Reflective Judgment Model
twenty years since its inception, The Reflective Judgment Model
has distinguished itself by its ability to describe the development
of reasoning from adolescence to adulthood. An extensive database
containing both longitudinal and cross-sectional research has informed
the work of developmental and educational psychologists, college
faculty, student affairs educators, and those concerned with college
outcomes assessment. The Reflective Judgment Model describes changes
in epistemic assumptions and how these affect the development of
critical or reflective thinking skills and related constructs in
young adults and adults, especially college students.
Dewey (1933, 1938) observed that reflective thinking is called for
when people recognize that some problems cannot be solved with certainty.
Drawing from this observation, King and Kitchener chose the term
"reflective judgment" to describe the kind of epistemic
cognition that includes the recognition that real uncertainty exists
about some issues. The Reflective Judgment Model describes development
in reasoning about such issues in late adolescence through adulthood.
judgment is drawn from the theoretical work of many scholars. Listed
below are scholars whose work informed the development of the Reflective
Judgment Model, and how their work contributed to the model.
Dewey (1933, 1938): definition of reflective thinking; the observation
that uncertainty is a characteristic of the search for knowledge
(1960, 1970 , 1974): assumptions of stage-related development;
the processes of assimilation and accommodation account for changes
in the conceptual structures used to understand the world
(1963, 1971, 1977): stage models generally assume that there are
qualitatively different structures organized into logically coherent
systems or stages; stages appear in an invariant sequence
(1968, 1981): sequential development in college students' underlying
assumptions about knowledge, truth, and values
(1975, 1978): epistemological development after relativism; earliest
stages of epistemological development are more characteristic
of children than college students
(1980; Lamborn & Fischer, 1988): cognitive skill theory model
of the development of complex reasoning; an individual's developmental
range falls between optimal and functional levels
(1982, 1994): evolution of the self; interpersonal relationships
as a developmental continuum
Reflective Judgment Model describes a dimension of cognitive development
based on the work of these scholars.
of the Reflective Judgment Model's Three Developmental Periods
conceptual framework for reflective judgment is that of a stage
model characterized by seven distinct but developmentally related
sets of assumptions about the process of knowing (view of knowledge)
and how it is acquired (justification of beliefs). Each successive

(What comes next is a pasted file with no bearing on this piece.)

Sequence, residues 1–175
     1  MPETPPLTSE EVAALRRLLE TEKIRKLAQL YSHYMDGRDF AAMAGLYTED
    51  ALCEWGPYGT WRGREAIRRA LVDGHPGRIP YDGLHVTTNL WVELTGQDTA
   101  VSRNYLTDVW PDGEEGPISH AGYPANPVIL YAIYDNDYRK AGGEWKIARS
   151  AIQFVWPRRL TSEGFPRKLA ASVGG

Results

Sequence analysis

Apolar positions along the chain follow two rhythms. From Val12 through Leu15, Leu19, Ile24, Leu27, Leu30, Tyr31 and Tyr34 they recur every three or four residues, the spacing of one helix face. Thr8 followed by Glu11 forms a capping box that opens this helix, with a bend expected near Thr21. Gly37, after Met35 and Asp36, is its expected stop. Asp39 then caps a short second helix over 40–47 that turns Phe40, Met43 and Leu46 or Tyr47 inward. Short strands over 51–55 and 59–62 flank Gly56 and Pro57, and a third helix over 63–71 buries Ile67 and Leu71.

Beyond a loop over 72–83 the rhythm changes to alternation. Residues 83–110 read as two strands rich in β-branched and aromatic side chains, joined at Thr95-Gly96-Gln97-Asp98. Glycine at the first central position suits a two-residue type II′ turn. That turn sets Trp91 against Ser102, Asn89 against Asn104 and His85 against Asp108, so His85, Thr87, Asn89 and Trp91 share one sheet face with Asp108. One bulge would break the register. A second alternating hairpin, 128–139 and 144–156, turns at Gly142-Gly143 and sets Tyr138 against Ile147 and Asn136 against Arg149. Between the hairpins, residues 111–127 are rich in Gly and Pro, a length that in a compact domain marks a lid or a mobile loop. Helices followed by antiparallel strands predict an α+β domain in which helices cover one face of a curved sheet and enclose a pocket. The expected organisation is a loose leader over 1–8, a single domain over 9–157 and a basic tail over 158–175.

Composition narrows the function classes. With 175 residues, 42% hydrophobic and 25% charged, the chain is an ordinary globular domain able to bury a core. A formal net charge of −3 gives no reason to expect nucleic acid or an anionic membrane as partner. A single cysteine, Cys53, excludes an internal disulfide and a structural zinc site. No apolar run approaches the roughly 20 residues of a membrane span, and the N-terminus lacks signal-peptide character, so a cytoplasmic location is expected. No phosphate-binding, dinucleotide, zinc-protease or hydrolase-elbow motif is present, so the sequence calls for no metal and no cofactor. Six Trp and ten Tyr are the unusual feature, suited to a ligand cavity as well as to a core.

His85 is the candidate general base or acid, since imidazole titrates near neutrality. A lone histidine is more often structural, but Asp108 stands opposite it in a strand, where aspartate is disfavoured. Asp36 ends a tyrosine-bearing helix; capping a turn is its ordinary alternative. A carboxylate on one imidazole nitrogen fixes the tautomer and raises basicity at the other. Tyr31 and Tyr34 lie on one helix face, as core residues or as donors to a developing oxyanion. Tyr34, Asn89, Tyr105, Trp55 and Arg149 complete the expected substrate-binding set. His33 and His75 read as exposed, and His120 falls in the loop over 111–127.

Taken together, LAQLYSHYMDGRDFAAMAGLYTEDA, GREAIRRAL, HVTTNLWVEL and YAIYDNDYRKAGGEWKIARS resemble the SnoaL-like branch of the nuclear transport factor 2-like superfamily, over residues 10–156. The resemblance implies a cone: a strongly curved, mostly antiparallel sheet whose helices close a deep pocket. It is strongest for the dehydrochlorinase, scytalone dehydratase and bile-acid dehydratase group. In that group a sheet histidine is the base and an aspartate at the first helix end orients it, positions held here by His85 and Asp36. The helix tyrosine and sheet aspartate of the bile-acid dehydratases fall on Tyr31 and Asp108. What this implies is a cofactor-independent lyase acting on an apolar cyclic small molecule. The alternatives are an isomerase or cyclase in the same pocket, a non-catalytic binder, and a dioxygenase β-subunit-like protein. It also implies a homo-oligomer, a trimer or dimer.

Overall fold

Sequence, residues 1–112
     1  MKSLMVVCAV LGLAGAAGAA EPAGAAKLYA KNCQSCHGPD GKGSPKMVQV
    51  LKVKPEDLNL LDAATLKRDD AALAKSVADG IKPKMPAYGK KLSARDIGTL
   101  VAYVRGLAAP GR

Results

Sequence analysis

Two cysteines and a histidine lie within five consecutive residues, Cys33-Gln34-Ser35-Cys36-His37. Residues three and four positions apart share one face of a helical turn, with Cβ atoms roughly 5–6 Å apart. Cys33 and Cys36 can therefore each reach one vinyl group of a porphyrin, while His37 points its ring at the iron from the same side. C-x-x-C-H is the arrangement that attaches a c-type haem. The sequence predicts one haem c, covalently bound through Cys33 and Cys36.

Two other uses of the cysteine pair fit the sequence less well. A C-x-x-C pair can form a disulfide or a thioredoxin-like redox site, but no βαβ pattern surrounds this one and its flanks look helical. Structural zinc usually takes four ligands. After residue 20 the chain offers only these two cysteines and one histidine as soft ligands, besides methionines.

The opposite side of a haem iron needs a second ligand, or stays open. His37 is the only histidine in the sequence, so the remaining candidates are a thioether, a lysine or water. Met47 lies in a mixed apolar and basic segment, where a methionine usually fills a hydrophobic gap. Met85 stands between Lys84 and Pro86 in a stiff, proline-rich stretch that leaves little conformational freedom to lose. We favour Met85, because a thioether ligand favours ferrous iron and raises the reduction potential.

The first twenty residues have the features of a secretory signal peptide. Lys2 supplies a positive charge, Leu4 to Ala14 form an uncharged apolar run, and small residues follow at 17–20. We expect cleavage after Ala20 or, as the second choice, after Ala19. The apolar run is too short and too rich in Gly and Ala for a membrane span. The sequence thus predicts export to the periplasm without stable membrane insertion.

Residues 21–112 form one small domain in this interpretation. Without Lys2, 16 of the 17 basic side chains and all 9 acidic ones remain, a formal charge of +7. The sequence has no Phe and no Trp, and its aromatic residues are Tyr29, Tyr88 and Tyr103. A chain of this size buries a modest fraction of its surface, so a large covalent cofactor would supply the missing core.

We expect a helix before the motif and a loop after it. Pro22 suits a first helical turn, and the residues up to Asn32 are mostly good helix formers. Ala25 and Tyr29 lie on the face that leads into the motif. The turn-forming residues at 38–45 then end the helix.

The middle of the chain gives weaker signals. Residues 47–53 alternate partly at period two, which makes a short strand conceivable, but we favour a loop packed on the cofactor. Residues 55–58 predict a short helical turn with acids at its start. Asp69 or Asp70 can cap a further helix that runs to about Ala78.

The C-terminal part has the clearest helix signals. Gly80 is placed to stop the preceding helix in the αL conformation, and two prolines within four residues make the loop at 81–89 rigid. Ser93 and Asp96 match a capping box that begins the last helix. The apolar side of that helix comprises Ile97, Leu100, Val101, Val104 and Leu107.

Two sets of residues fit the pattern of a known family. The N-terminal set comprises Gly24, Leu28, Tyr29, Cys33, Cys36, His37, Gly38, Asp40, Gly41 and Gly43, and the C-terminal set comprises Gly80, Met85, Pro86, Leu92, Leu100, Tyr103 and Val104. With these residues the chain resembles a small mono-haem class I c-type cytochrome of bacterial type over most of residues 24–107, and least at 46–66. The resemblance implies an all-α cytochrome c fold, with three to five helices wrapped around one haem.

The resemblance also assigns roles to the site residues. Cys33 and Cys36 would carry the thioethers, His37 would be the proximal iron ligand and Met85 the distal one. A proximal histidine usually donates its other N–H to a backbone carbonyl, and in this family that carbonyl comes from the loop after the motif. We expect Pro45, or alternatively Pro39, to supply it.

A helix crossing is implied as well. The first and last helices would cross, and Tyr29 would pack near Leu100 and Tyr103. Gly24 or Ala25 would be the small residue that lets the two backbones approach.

set of epistemological assumptions is characterized by a more complex
and effective form of justification. The seven developmental stages
of the Reflective Judgment Model may be broadly summarized into
three levels: prereflective (Stages 1-3), quasi-reflective (Stages
4 and 5), and reflective (Stages 6 and 7) thinking.
Reasoning (Stages 1-3): Belief that "knowledge is gained
through the word of an authority figure or through firsthand observation,
rather than, for example, through the evaluation of evidence. [People
who hold these assumptions] believe that what they know is absolutely
correct, and that they know with complete certainty. People who
hold these assumptions treat all problems as though they were well-structured"
(King & Kitchener, 2002, p. 39).
Quasi-Reflective Reasoning (Stages 4 and 5): Recognition
"that knowledge-or more accurately, knowledge claims-contain
elements of uncertainty, which [people who hold these assumptions]
attribute to missing information or to methods of obtaining the
evidence. Although they use evidence, they do not understand how
evidence entails a conclusion (especially in light of the acknowledged
uncertainty), and thus tend to view judgments as highly idiosyncratic"
(King and Kitchener, 2002, p. 40).
Reflective Reasoning (Stages 6 and 7): People who hold these
assumptions accept "that knowledge claims cannot be made with
certainty, but [they] are not immobilized by it; rather, [they]
make judgments that are "most reasonable" and about which
they are "relatively certain," based on their evaluation
of available data. They believe they must actively construct their
decisions, and that knowledge claims must be evaluated in relationship
to the context in which they were generated to determine their validity.
They also readily admit their willingness to reevaluate the adequacy
of their judgments as new data or new methodologies become available"
(King & Kitchener, 2002, p. 40).